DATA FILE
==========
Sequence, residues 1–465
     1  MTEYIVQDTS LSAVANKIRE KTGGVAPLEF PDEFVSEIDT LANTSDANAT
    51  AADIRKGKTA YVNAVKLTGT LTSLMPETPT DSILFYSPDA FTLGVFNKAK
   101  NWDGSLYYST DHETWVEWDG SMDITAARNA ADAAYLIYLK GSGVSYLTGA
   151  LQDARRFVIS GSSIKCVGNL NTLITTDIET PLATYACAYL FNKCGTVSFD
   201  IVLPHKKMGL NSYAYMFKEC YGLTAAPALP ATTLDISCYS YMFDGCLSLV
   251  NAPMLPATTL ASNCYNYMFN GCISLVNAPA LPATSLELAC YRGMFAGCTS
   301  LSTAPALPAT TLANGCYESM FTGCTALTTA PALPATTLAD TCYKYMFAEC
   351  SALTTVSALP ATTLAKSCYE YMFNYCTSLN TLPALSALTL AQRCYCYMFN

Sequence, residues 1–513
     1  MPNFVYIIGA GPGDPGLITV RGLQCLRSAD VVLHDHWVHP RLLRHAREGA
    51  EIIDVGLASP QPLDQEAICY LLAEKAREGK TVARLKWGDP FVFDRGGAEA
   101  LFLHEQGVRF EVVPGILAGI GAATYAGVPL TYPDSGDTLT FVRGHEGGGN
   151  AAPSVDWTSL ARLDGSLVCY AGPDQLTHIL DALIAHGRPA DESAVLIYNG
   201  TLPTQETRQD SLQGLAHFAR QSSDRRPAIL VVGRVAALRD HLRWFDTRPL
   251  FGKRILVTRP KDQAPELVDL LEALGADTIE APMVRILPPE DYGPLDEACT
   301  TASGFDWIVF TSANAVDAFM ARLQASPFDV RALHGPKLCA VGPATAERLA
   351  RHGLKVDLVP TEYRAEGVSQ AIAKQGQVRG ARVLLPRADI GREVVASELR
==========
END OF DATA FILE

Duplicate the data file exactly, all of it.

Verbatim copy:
Sequence, residues 1–465
     1  MTEYIVQDTS LSAVANKIRE KTGGVAPLEF PDEFVSEIDT LANTSDANAT
    51  AADIRKGKTA YVNAVKLTGT LTSLMPETPT DSILFYSPDA FTLGVFNKAK
   101  NWDGSLYYST DHETWVEWDG SMDITAARNA ADAAYLIYLK GSGVSYLTGA
   151  LQDARRFVIS GSSIKCVGNL NTLITTDIET PLATYACAYL FNKCGTVSFD
   201  IVLPHKKMGL NSYAYMFKEC YGLTAAPALP ATTLDISCYS YMFDGCLSLV
   251  NAPMLPATTL ASNCYNYMFN GCISLVNAPA LPATSLELAC YRGMFAGCTS
   301  LSTAPALPAT TLANGCYESM FTGCTALTTA PALPATTLAD TCYKYMFAEC
   351  SALTTVSALP ATTLAKSCYE YMFNYCTSLN TLPALSALTL AQRCYCYMFN

Sequence, residues 1–513
     1  MPNFVYIIGA GPGDPGLITV RGLQCLRSAD VVLHDHWVHP RLLRHAREGA
    51  EIIDVGLASP QPLDQEAICY LLAEKAREGK TVARLKWGDP FVFDRGGAEA
   101  LFLHEQGVRF EVVPGILAGI GAATYAGVPL TYPDSGDTLT FVRGHEGGGN
   151  AAPSVDWTSL ARLDGSLVCY AGPDQLTHIL DALIAHGRPA DESAVLIYNG
   201  TLPTQETRQD SLQGLAHFAR QSSDRRPAIL VVGRVAALRD HLRWFDTRPL
   251  FGKRILVTRP KDQAPELVDL LEALGADTIE APMVRILPPE DYGPLDEACT
   301  TASGFDWIVF TSANAVDAFM ARLQASPFDV RALHGPKLCA VGPATAERLA
   351  RHGLKVDLVP TEYRAEGVSQ AIAKQGQVRG ARVLLPRADI GREVVASELR